The idea of I Hear IC is to gather people from Iowa City to present brief performances in a local coffee house. Peformances were in the range of 10-20 minutes. Other performers on this night included Jazz singers, an improvisation from two Iranian musicians and a small ensemble improvising a new soundtrack for old cartoons.
In that context I knew that it wasn’t like playing an hour-long techno set; no one would be dancing so the kick drum didn’t need to be in the mix the whole time. As it happened I finally brought it in at around 6 minutes; this goes back to early 90s origins of ambient techno, when producers would do long beatless intros to tracks. The rise of ‘popular’ ambient — with the KLF and the Orb being the most famous proponents — grew out of never actually bringing in the beat. Sonically I think this piece has a bit of the Orb about it.
It’s also an instance of not holding anything back. I went back over projects on my studio machine and plundered them for interesting sounds and loaded them all together in one set where I could mix and match stuff that originally went with much different music. I recorded a lot of sounds from my outboard synthesizers, playing loop clips and tweaking knobs to get some movement. The main repeated pad changes chords but it was accidental — I discovered that the JP6 would change the pitch of sounds when I jacked up cross mod. Which is fun because I was playing a slider; the chords were not exactly in tune.
The basic framework was dictated by a tonal center of C Minor. The bassline is straight 16th notes playing C C Eb Eb. That kind of simplistic sequencing reminds me a bit of early Tangerine Dream.
About a week ago I liked the sounds I was hearing on the back porch of our hose, so I set my Tascam DR-05 out on the porch to capture a few minutes of sound.
Then I forgot about it. The next morning I went out and the recorder had turn itself off, but it had captured 3 solid hours of sound. The sound is primarily that of insects, tree frogs, and the occasional bird, combined with the drone of Interstate 80 which is about a half mile away as the crow flies.
I’m going to try and play the whole thing at work tomorrow, because it’s a good way to drown out office noise, and I think living with environmental sound like this — especially when one’s attention is focused, e.g. on refactoring C++ template classes — allows it to go into your brain bypassing conscious critique. Maybe you can try it too. It’s like the Ice Bucket Challenge. Without the bucket, or the ice, and you don’t have to donate money to any worthy cause.
PHOTO BY RICHARD STAN
I had a fine time, though it would have been great if more people showed up — I mean I’m used to playing to mostly empty rooms, but we had guys in from out of town who hit a deer trying to get there. But hey, Thursday night at Gabe’s — hard to draw a lot of people. Anyway Moldover sounded great. I particularly liked the a cappela song he opened with, and his guitar playing, which always drove the songs and sounded great. Exaltron has evolved a unique approach to live performance, combining voice, trumpet and guitar, live looping, expertly programmed sampled drumming and crazy electronic messing about.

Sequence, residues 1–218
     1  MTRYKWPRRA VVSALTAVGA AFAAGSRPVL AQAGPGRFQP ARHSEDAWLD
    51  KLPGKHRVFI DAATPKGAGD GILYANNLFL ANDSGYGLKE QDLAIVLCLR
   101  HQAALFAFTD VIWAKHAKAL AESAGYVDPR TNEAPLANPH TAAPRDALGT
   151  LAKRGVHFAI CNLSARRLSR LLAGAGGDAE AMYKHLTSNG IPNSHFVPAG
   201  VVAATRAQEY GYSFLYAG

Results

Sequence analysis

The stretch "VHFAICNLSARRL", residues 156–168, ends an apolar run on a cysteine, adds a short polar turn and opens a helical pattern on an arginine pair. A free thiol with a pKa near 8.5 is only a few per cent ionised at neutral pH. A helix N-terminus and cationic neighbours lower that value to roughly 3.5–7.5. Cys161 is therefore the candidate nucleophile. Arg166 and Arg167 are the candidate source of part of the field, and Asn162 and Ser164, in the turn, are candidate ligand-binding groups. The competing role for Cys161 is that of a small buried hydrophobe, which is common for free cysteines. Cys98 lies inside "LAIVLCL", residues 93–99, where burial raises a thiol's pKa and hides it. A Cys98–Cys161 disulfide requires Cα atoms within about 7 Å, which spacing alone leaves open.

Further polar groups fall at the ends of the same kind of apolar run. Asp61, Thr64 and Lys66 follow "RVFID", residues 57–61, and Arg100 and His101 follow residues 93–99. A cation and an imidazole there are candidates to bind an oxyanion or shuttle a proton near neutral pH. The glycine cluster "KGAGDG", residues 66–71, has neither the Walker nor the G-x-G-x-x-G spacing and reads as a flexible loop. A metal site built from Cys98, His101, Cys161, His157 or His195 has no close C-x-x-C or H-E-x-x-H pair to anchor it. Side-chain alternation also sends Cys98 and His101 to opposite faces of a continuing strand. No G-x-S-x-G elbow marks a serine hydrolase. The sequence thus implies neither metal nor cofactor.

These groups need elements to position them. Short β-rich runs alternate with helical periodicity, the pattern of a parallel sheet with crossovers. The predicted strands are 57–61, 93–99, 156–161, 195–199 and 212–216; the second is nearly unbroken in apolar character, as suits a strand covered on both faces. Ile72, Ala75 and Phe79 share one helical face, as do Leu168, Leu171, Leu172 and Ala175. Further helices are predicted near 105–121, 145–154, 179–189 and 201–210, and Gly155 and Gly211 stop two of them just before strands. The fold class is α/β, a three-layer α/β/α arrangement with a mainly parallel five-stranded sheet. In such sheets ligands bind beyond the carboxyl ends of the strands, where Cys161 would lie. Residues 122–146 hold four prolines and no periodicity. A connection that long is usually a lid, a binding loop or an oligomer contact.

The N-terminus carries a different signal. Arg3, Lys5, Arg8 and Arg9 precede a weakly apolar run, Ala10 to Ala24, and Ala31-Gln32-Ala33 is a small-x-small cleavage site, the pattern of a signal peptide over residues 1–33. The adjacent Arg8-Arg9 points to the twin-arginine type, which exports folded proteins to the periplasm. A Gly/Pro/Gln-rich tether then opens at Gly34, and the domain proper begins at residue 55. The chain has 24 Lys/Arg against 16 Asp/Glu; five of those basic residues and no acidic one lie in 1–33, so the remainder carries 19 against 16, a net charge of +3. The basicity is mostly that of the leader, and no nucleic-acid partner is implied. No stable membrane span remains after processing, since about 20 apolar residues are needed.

I was mostly happy about my set, which may have come from working myself into a tizzy for weeks getting read to play. Mostly new stuff done in the past couple months, some of it bespoke for the live set.
My friend David Talento was trying to organize his studio and found some cassettes I’d sent him in the 1990s. The real find was what may be the last remaining copy of tracks by Jason Welch, local rave promoter and sometime musician. But I’ll deal with that stuff later.
One of the other things is a recording of a live set I did in 1996 (I believe) at the Great Midwestern Ice Cream Company (what is now Moonrakers restaurant). In those days I pretty much dragged my whole studio out to play live — a Roland Jupiter 6, Casio CZ-1, Roland TR707, a home-made plywood rack of gear, a desktop computer and CRT.
I don’t even remember most of the stuff I played, or even how I played it — I suspect I was using Opcode Vision and a Turtle Beach Pinnacle card as a sampler. Vision had a facility something like Ableton Live’s clips — you could trigger chunks of midi sequences live. The beginning of the set sounds a bit like Drexciya. Anyway it isn’t bad, and interesting to hear it as a time capsule from 16 years ago.
Bonus, David put up a remix I did for him around this time on Bandcamp:
A performance of Guitar Trio by Rhys Chatham is always a stunning, overwhelming, transcendent thing to experience. The composition itself is a schematic set of instructions for 3 or more guitarists, a process that Chatham directs from the stage as he plays himself. It has been his practice to perform the trio with local musicians, as Chatham did in Iowa City nearly 5 years ago with a completely different group. Every performance is the same, and every performance is completely different.
Rene Hell, former Iowa Citian who has gone on to some renown in the experimental music scene delivered a performance that was a departure from his past forays into fuzzy analog electronica. Most of the set was a chaotic blizzard of digitally synthesized sounds; like a Warner Brother’s Cartoon soundtrack done by Karlheinz Stockhausen for an audience of deranged robots. And I mean that in the best possible way.
Solid Attitude were, err, solid. These guys play their punk rock like demons possessed by other, more evil demons, and Mickey Shaw’s lead singer/ranter performance is a thing to behold.